Katlyn Bonner wasn’t planning on going to college due to her financial circumstances, but after learning more about the new rules behind OSAP, she reconsidered.
“Once the government started helping out low-income families I was like ‘oh it’s actually possible for me to go to college and make money and make the best out of myself,” said Bonner, 18, a first-year child and youth care student.
Bonner had received $9,000 in grants and $4,000 in loans and believes that OSAP does a good job in assisting situations and calculating how much a student should be getting. Because of the money that was given to her through OSAP, it covered all of her tuition and now she only has to work 14 hours a week, whereas her boyfriend works 40 to support himself.
Aside from the free tuition, Bonner was able to pay for the books required for her classes. It also covered three months of her rent and helped decrease her worry upon starting college.
“I am pretty grateful that I am coming out of college not loan free, but really low with loans,” Bonner said.
Bonner is an example of how the Ontario Student Assistance Program (OSAP) makes it easier for students to pay for college based on the income of the student’s parents. It offers funds given to the student without them having it pay it off, and loans, which the student must pay off after graduation.
That doesn’t happen in every case, however. if a student’s parents make more money the following year it will change how much money the student receives in grants and loans. As well, if a student’s parents make too much money the following year they will not receive the money they need.
“I think it’s kind of unfortunate that students whose parents make above the line don’t receive any money from OSAP,” Bonner said. “I think that’s really unfortunate and I think there should be something in the system for those students because that could also be holding students back from going for their education.”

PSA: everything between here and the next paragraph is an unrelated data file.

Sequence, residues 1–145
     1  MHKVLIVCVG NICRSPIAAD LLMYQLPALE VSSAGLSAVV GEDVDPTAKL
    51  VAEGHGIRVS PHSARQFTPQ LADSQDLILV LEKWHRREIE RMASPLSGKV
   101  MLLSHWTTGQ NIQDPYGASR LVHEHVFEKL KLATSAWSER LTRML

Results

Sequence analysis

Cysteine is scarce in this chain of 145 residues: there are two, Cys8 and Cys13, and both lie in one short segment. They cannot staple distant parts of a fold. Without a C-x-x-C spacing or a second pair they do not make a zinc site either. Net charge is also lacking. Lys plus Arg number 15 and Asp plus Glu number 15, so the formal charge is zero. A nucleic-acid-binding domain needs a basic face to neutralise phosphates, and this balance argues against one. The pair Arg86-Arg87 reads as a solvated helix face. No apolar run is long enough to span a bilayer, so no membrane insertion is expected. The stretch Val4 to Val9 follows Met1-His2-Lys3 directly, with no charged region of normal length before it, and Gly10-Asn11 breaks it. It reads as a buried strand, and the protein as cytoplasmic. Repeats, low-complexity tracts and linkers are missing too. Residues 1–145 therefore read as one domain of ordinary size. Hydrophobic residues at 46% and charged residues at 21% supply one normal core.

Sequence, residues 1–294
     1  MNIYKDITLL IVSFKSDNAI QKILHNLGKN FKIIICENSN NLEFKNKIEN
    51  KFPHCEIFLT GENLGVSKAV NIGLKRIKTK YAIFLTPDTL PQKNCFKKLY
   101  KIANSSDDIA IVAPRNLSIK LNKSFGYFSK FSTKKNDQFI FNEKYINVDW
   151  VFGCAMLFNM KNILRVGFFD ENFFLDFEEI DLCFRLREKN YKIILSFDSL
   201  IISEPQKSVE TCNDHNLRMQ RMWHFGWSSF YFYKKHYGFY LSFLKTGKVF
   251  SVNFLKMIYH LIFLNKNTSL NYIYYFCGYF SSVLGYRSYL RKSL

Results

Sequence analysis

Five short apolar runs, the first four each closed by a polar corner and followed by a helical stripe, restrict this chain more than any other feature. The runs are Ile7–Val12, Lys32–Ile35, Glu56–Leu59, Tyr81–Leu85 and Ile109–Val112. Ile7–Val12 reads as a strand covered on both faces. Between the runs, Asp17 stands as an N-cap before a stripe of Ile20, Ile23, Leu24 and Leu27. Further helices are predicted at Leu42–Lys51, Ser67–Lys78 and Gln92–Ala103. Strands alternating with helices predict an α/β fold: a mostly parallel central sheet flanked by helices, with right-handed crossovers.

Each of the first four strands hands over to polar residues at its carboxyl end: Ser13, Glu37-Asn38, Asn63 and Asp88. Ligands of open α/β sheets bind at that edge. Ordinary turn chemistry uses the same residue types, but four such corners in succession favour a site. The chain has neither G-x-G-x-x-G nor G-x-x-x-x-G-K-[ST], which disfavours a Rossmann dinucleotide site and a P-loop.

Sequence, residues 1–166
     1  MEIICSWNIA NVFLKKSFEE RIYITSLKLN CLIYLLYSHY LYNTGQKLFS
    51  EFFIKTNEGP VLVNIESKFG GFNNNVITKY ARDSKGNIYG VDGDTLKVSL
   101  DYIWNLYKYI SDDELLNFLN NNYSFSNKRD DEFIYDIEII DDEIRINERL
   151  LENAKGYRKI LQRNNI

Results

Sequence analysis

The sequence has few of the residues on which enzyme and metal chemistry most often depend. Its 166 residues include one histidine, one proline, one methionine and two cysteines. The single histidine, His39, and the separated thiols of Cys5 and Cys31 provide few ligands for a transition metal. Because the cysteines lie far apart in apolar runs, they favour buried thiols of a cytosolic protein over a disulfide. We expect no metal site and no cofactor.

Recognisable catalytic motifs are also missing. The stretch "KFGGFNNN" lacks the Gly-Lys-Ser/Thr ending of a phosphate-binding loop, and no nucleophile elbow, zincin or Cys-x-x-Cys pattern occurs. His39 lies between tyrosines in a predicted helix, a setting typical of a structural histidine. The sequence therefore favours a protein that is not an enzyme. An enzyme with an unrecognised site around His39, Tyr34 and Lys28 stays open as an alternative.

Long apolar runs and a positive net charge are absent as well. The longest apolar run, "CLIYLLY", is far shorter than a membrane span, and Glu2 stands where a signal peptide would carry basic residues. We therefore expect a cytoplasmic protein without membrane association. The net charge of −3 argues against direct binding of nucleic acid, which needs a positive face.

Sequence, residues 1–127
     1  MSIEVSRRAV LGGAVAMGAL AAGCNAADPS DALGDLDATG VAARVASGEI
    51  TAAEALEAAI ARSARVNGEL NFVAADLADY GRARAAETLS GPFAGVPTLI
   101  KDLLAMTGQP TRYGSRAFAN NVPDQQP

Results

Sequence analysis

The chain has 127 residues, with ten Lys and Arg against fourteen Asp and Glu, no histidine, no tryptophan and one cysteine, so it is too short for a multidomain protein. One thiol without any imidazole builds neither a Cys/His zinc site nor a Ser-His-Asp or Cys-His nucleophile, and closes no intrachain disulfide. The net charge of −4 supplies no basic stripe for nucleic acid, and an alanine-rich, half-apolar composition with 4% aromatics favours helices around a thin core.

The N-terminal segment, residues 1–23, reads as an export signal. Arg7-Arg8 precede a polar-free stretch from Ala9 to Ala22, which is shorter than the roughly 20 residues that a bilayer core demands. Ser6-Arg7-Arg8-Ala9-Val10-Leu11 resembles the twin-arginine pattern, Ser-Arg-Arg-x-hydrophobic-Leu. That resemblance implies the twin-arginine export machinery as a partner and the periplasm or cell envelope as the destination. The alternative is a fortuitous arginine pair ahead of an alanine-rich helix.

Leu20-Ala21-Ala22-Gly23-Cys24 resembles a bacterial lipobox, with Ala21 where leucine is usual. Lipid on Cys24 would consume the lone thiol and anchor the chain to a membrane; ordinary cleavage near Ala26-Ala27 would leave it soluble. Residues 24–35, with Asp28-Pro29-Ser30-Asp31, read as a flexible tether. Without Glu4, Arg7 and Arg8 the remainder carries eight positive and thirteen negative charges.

OSAP all depends on the student’s parent’s situation as some parents are just below the line where others are making less than $2,000. Those who make more money will be given less while those who make less will be given more.
“I don’t think they take into account that you have to pay rent, you have to eat, you have to do all that and live at the same time,” said Bonner, “and if you’re in a highly competitive program it is nearly impossible to work so much that you can sustain yourself.“
And the assistance doesn’t enable students to fully commit to studies without working. Despite OSAP covering some student’s tuition and decreasing the amount of part-time/full-time work – or even working at all — some still choose to work to keep up with today’s busy and expensive world.
“It was my own choice,” said Patrick Gauthier, a first-year electrical engineering technician student. “I want to graduate without debt.”
Gauthier has used the grants he received through OSAP to cover his tuition and school supplies but has not used his loans because he doesn’t want to get into debt.
“It covered most if not all of it,” Gauthier explained.
Gauthier has used his own savings as well as the money he earns in the IT department to pay for his rent, hydro and food.
Chris Amaddeo, a second-year tourism travel services student said through Facebook that the grants he received through OSAP covered his tuition costs for most of his first year and all of his second.
However, he still has to work full-time as he didn’t have enough money to cover living expenses.
“The loans I pay back are affordable and I will be able to be paid back within a year,” said Amaddeo through Facebook. ” If it wasn’t for OSAP I wouldn’t have been able to afford to go to school.”